Satellites Detect Activity At North Korean Missile Assembly Site Satellite imagery shows that vehicles and rail cars appeared in late February at Sanumdong, a facility where the North has built some of its largest rockets and missiles.
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Activity At 2nd North Korean Missile Site Indicates Possible Launch Preparations

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Activity At 2nd North Korean Missile Site Indicates Possible Launch Preparations

Activity At 2nd North Korean Missile Site Indicates Possible Launch Preparations

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ARI SHAPIRO, HOST:

New photographs suggest North Korea is preparing to launch a missile or space rocket. This comes just more than a week after President Trump and North Korean leader Kim Jong Un walked away from their nuclear summit with no agreement. NPR has been shown commercial satellite imagery of renewed activity at a facility where North Korea has assembled ICBMs and satellite rockets in the past, and this activity is at a different site from the one we've been discussing the last few days.

Science and security correspondent Geoff Brumfiel broke this story and joins us now in the studio. Hi, Geoff.

GEOFF BRUMFIEL, BYLINE: Hi there.

SHAPIRO: You've seen these photos. When were they taken, and what did they show?

BRUMFIEL: These photos were taken on February 22 by a company called DigitalGlobe. And analysis from the Middlebury Institute of International Studies shows that basically what we're seeing is vehicle activity and activity at a nearby railyard that is consistent with the preparation of a missile or rocket - we're not quite sure which - at this facility. And the missile or a rocket may have indeed already left. It may still be under assembly. Again, we're not quite sure. But this is consistent with activity for preparing either an intercontinental ballistic missile or a space launch.

SHAPIRO: You've got those photos right in front of you. They're also posted online at npr.org. It was just days ago that another North Korean missile site appeared to have new activity. What's happening at that site, and how does it fit in with today's news?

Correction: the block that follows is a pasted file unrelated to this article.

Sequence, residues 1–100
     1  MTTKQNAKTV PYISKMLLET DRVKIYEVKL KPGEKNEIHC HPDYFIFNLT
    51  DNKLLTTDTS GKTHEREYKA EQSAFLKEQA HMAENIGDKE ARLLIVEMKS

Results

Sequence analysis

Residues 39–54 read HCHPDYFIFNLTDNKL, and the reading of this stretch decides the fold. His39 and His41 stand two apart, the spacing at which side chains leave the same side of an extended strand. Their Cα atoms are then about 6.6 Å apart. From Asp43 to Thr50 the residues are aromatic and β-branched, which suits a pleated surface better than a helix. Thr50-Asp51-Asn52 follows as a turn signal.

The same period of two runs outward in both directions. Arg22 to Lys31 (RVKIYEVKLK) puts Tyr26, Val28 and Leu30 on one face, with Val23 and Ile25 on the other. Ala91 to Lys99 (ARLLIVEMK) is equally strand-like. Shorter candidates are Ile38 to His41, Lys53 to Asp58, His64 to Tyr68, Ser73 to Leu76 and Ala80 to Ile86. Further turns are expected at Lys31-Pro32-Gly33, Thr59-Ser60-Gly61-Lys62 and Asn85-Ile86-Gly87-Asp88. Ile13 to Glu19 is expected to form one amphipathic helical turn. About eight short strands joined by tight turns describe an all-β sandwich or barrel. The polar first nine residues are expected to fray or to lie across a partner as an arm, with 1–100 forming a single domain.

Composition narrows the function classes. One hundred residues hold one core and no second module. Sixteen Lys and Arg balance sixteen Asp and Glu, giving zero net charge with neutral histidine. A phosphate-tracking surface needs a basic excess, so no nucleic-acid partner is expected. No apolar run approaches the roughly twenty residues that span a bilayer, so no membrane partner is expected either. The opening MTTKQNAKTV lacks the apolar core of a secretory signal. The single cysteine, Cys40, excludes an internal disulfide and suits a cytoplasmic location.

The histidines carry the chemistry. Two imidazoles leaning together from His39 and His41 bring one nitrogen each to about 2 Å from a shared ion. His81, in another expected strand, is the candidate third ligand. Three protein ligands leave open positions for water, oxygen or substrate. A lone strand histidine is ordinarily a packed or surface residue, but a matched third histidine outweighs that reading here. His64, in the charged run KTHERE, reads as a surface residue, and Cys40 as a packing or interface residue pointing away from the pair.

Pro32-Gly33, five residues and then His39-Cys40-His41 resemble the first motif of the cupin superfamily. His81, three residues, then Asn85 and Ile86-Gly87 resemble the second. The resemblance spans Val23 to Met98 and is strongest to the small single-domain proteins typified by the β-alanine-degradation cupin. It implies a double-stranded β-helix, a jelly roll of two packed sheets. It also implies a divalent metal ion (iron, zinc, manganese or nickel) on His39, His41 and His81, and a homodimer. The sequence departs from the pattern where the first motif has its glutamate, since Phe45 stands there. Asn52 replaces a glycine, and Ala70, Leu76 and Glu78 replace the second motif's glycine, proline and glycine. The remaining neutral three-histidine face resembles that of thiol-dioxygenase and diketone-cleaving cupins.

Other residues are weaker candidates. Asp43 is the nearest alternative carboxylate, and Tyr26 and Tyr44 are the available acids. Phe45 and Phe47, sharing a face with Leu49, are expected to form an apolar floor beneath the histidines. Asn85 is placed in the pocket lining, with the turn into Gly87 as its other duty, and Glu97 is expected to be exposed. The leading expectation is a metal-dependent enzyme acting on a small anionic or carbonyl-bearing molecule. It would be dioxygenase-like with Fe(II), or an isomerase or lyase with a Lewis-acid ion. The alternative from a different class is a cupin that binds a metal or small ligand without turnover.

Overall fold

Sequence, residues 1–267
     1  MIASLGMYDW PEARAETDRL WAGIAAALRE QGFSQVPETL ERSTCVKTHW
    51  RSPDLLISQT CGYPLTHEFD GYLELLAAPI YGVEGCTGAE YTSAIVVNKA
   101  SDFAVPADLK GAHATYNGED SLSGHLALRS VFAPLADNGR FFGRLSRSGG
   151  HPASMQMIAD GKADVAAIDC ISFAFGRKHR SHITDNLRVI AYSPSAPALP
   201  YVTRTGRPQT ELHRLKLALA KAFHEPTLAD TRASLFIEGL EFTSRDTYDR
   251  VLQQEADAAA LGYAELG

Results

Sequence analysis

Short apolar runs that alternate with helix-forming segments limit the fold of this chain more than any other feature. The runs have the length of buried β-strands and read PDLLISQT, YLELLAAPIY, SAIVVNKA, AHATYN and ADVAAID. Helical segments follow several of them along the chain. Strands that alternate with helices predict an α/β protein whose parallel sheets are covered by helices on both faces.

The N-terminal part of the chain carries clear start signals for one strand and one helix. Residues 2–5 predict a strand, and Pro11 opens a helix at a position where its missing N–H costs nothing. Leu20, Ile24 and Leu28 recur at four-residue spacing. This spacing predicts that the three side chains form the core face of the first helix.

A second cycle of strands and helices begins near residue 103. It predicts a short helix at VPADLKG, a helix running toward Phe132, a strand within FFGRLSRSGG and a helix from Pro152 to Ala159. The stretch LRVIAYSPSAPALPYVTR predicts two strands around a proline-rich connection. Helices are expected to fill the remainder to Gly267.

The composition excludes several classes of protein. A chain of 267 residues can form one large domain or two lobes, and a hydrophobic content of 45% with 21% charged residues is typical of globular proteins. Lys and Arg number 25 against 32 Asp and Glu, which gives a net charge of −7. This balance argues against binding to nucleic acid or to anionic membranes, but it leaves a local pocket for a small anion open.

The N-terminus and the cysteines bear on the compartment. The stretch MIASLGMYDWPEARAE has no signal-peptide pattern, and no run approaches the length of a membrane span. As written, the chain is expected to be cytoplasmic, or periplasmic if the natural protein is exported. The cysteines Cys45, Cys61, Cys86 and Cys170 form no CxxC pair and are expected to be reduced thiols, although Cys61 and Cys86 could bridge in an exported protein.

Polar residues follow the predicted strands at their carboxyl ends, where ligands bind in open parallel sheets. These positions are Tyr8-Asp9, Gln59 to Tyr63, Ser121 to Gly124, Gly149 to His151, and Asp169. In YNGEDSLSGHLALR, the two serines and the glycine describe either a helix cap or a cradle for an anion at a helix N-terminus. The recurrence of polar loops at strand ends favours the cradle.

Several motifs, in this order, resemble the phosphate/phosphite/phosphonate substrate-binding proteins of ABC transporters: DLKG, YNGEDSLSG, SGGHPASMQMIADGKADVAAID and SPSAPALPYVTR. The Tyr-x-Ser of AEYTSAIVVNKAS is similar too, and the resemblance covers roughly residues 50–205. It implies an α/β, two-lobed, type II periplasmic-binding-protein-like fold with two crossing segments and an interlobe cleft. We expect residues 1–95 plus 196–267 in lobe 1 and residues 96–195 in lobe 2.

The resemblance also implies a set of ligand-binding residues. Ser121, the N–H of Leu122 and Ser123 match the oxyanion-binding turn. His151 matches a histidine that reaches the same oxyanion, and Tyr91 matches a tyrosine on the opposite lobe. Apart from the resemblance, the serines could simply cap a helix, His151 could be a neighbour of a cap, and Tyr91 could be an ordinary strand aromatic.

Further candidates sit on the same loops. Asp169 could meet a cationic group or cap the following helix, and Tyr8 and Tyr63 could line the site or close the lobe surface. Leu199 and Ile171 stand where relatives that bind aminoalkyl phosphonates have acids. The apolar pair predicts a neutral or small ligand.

BRUMFIEL: So that site's actually called the Sohae Satellite Launch Facility, and it basically is a site that North Korea has used in the past to launch satellites. Now, after Trump and Kim's first summit in June of last year, that site was partially disassembled as a goodwill gesture, and then sometime around the time of the Hanoi summit, everything was put together very, very quickly. And in fact, imagery from earlier this week showed the site is apparently completely reassembled now and may even be operational.

So these two things together suggest that we may be looking at a possible upcoming space launch, not a missile launch. North Korea has been talking about launching some satellites, and so that might be what they're intending to do.

SHAPIRO: Often it's impossible to know exactly what's happening in North Korea or what the intentions of the North Koreans might be, but can you try to put this activity into context for us? What does this mean?

BRUMFIEL: Sure. I mean, we don't have a lot of great on-the-ground intelligence in North Korea, and we really rely on satellite images, especially outside of the government, for making any sort of guesses, and the North Koreans know that. They use these moves to signal to the U.S. and to other countries that they're, you know, thinking this way or that. I think a satellite launch is kind of an interesting signal, if that's where we're headed. It looks in many ways like a missile launch, yet the North Koreans can claim it's peaceful. I think it would be seen as provocative. Yesterday, a senior State Department official said it would be seen as sort of backsliding in terms of the goodwill that Trump and Kim have built.

SHAPIRO: So maybe a reason to worry but not an explicit immediate threat - is that the assessment?

BRUMFIEL: Absolutely, yeah. This is not a threat. And we don't even know when this launch could happen. It could be days. It could be weeks or months. There's a big national holiday next month in North Korea, and that may be a time they choose to launch a satellite. And of course it may be there's no launch at all, that they're just doing some work at the facility. There's no way to tell right now. But nonetheless, it does seem to be a further indication that the two sides are moving further apart post-Hanoi summit.

SHAPIRO: That's NPR science and security correspondent Geoff Brumfiel, who broke this story of renewed activity at a North Korean missile assembly site. Thank you, Geoff.

BRUMFIEL: Thank you.

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